The Anglo-Saxon lunar month, which became April, was called Eastermonath. The equinox is a time both of fertility and new life, and of balance and harmony. Light and dark are here in balance, but the light is growing stronger. It is a time of birth, and of manifestation.
The days grow lighter and the earth grows warmer. As at Imbolc, seeds may be blessed and planted. Seeds of wisdom, represents the sun, its white, the Goddess.
BELTAINE - 1st MAY
"This is the time when sweet desire weds wild delight. The Maiden of Spring and the Lord of the Waxing Year meet in the greening fields and rejoice together under the warm Sun. The shaft of life is twined in the spiral web and all of nature is renewed.
The Spiral Dance Beltaine (also spelled Bealteinne, Bealtaine and various other ways) is the beginning of the Celtic Summer, the light season of the year. In Irish Gaelic, Bealtaine is the name of the month of May.
In Scottish Gaelic Bealtuinn means May Day. The word originally meant "Bel Fire", and Beltane is associated with the Celtic God Bel, also known as Balor or Belenus. Bel is a God of Light and Fire with the Sun, . Fires were traditionally built at Beltane, and people would jump over the fire. Young, unmarried people would leap the bonfire and wish for a husband or wife, young women would leap it to ensure their fertility and couples leap it to strengthen a bond.
Cattle were driven through the ashes or between two Beltane fires to ensure a good milk yield. The maypole, still used in Mayday festivities, represents both the phallus and the Goddess. It is also the World Tree connecting the three Worlds, its root in the Underworld, its branches in the Heavens. The shaman`s spirit may travel between the realms via the World Tree, and the phallus is also connected with life, love and death.
LITHA: SUMMER SOLSTICE - 21st JUNE
At the Summer Solstice the sun is at its highest and brightest and the day is at its longest. The Lord of Light has fought the powers of darkness, and is triumphant, ensuring fertility in the land. But in so doing so, He sows the seeds of His own death. The Wheel turns and the Dark God (the Holly King) begins to wax in power as the Light God (Oak King) wanes.
The Goddess shows Her Death- in-Life aspect, the Earth is fertile, and all is in bloom, the Goddess reaches out to the fertilizing Sun God at the height of His powers. At the same time She presides over the death of the God. The Goddess dances Her dance of Life and Death, the Sun God loves Her, and dies of His love. The Summer Solstice is a time of fulfilment of love.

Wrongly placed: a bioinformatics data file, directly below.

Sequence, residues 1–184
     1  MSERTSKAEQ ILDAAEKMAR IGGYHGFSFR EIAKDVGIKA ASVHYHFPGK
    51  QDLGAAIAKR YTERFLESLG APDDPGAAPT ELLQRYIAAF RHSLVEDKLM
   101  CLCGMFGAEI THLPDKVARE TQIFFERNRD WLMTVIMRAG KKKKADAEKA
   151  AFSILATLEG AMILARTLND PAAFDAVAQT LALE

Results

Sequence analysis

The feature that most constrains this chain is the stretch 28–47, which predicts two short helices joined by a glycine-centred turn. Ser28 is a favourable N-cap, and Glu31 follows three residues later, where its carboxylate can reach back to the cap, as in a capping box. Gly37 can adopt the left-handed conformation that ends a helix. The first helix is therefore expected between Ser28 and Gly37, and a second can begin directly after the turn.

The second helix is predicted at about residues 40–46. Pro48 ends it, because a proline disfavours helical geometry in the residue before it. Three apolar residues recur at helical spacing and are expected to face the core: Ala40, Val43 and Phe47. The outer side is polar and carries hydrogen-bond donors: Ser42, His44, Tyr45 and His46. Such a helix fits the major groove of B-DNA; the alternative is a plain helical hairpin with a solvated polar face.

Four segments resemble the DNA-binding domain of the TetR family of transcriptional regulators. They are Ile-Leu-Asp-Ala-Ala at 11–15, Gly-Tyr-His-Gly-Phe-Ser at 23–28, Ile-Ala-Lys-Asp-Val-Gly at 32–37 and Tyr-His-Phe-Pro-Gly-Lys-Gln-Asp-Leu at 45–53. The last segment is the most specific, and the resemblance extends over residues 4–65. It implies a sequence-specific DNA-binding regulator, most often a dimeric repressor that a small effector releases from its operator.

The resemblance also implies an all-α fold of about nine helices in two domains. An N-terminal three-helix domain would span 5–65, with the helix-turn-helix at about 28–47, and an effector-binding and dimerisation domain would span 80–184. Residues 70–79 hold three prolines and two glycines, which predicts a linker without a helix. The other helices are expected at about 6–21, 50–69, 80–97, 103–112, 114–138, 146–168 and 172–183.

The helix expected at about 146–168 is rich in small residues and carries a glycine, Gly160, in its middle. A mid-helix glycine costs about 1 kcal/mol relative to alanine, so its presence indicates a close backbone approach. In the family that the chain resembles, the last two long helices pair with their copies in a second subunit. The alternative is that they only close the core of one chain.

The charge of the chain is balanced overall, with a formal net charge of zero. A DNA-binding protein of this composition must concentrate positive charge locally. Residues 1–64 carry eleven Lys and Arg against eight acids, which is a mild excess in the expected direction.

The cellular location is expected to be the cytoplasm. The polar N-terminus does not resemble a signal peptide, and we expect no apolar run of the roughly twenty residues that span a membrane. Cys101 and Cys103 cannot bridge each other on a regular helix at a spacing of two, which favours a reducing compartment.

. Although the days begin to grow shorter after the Summer Solstice, the time of greatest abundance is still to come. The promises of the Goddess and God are still to be fulfilled.
At this time of year, our physical energy is generally at its peak.
LUGHNASADH - 1st AUGUST
Lughnasadh or Lammas is celebrated on August eve or August 1st and is the festival of the first of the harvests. Lammas is the Anglo-Saxon name for the festival, meaning Loaf mass. Lughnasadh is the festival of Lugh, a Celtic God of Light and Fire and God of crafts and skills. His Welsh form is Llew Law Gyffes, and in the Mabinogion story of Blodeuwidd and Llew, the theme of Llew as the sacrificed God can be seen (we need of course to consider the pre-Christian origins of the story).
Gronw can be seen as the Dark God of the Waning year, and Llew as the Bright Lord of the Waxing year, Blodeuwidd represents the Goddess in Her Flower Maiden aspect. Lammas or Lughnasadh then has the theme of the sacrificed God of the harvest, but he is sacrificed and transformed, rather than descending into the underworld to become Lord of Death, which comes later in the year.
MODRON: THE AUTUMNAL EQUINOX - 21st SEPTEMBER
The two equinoxes are times of equilibrium. Day and night are equal and the tide of the year flows steadily, but whilst the Spring Equinox manifests the equilibrium before action, the Autumnal Equinox represents the repose after action, the time to take satisfaction in the work of the summer and reap its benefits.
The Autumnal Equinox is celebrated on 21st September, and is the second harvest festival, with the fruit being gathered in. We celebrate the abundance of the earth, and make wine from the excess fruit, to preserve the richness of the fruits of the earth to give us joy throughout the year.
This is the time of the Vine. The God, who was Lord of the Greenwood in the summer and the Corn King at Lughnasadh now dances His last dance upon the earth, as Dionysus, God of wine, music and dance, before making his descent to the underworld to take up his role as Dread Lord of Shadows. The Lord of Light, the Sun King, His power waning, exists briefly in balance with the Dark Lord before giving way to the growing power of darkness, but the power of the sun is encapsulated in the grape and the fruits of the earth.